I saw this book as being so incredibly adventurous. I’d never heard of a plane crash survivor living on his own on a deserted island before, and thought it was so cool! The idea is no longer groundbreaking, as plenty other novelists and tv show/movie producers have worn it out. I loved reading about the adventures, and how this boy was able to survive for so long.

Full House Stephanie series and Full House Michelle series by a whole bunch of different people
I loved Full House as a child, so when my mom gave me some of these books in desperate hope to re-kindle my love of reading, I obliged. I rembeber feeling so accomplished after finishing one of them! Haha.

The Hound of the Baskervilles, by Sir Arthur Conan Doyle
This book scared the crap out of me, and I found it really hard to understand. However, the mystery and creepiness of the story really drew me in. This is the book that made me decide I love mysteries.

Nancy Drew series, by Carolyn Keene
After discovering I loved mysteries, Nancy Drew was the next logical step. I loved this series.

Catherine and the Pirate, by Karen Hawkins (And all of the other books in this series.)
I loved this book so much! I found it in my school’s library (yes, my school library had romance novels!?!?!). It’s a very tame middle-grade romance on the high seas. It was the very first pirate romance I ever read, and I’ve been addicted ever since. This book is one of an entire line of young adult romance, and all of them are now out of print. Luckily I bought all of them before they were discontinued!

I think I’m going to have to stop with 9! I’m so sad that I missed out on so many years of reading as a child, but I got to read a lot of fun middle-grade books with some of my reading students. It all evens out in the end, and it’s never too late to catch up! :) What were some of your childhood favorites? What did I miss?

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11 responses to “Top Ten Childhood Faves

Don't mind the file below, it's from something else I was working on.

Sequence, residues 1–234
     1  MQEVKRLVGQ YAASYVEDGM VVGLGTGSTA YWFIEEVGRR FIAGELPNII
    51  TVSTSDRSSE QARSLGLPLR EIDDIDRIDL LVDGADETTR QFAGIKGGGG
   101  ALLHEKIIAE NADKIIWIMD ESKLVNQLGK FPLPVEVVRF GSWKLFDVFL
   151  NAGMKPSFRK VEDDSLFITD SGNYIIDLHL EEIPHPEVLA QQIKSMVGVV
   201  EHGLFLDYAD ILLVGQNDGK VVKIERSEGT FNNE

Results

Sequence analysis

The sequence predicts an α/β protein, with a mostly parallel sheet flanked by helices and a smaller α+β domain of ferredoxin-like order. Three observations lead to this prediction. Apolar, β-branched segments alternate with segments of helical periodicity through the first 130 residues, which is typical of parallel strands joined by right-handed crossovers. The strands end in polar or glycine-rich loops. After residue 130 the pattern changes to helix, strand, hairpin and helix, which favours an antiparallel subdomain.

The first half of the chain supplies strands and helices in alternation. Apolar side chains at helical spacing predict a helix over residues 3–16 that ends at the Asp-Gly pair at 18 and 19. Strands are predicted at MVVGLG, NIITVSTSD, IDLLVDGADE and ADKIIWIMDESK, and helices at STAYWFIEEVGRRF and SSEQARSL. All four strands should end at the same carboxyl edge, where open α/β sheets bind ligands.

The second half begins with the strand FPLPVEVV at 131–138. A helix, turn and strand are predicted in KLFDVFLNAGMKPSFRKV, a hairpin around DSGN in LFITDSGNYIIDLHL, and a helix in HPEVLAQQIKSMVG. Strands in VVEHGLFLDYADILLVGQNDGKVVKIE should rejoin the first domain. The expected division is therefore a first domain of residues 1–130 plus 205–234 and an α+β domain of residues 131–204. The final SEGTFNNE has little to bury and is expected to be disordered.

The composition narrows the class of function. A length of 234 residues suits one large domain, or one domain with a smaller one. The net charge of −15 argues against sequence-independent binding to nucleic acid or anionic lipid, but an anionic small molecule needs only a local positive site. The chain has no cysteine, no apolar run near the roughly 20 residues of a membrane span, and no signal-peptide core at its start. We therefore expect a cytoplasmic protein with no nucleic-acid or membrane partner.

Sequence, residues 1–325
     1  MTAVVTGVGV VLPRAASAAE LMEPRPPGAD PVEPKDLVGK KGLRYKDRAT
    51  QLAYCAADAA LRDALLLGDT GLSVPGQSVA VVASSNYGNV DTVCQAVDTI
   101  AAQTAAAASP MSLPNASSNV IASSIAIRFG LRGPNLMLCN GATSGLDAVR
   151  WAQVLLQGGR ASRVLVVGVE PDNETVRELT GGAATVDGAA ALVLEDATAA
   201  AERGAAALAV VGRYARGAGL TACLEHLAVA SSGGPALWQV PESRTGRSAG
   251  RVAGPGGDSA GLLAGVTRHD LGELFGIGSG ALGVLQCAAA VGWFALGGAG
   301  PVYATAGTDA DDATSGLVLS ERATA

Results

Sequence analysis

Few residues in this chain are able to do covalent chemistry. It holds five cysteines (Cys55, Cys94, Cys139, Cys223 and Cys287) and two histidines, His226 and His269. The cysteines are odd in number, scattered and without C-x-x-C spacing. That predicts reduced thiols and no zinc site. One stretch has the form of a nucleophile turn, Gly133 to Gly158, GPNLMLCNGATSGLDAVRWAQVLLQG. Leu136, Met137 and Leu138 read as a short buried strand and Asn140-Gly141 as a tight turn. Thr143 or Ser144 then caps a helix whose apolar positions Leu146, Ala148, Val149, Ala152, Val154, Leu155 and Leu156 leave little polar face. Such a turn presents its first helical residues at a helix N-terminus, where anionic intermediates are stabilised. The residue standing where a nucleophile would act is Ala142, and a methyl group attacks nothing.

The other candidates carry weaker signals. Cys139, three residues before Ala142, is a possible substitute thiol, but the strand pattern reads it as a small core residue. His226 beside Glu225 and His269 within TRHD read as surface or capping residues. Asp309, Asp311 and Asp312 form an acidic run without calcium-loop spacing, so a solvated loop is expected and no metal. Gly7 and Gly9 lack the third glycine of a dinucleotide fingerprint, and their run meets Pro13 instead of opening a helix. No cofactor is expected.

1. Hatchet was a book I read when I was younger. I can’t believe I didn’t remember it! Thanks for the reminder.

    And I loved Full House, show and books. They were fun reads!

  2. So glad you grew up to love reading, even if your school didn’t make you like it :) Hatchet was the ultimate adventure story for me too! And Nancy Drew is high on my list as well.

  3. Thanks for visiting my blog, everyone!

    Lori, they have SO many Full House books! I loved them.

    Alexa, after looking at a ton of TTT lists this morning, I realized I forgot a lot as well!

    Jenni, I’m glad I love reading now too. I’m making up for lost time, I suppose. :)

  4. I’ve heard of some of these, but I think the only one I actually read myself as a child was the Nancy Drew series. I loved those, though now that I’m rereading them I’m realizing how old fashioned it really was. I didn’t notice that at the time, I guess.

  5. RS

    Since you did the courtesy of linking it, I have to come comment on this 8 year old post solely to Yell about my delight in the fact that I forgot Full House had series books until I saw this. I LOVED the Stephanie Tanner books! (not least because we shared a name)

    You also make an interesting point about The Hatchet no longer being groundbreaking, making me realize it was more groundbreaking than I thought when it was first published. No wonder we loved it so much.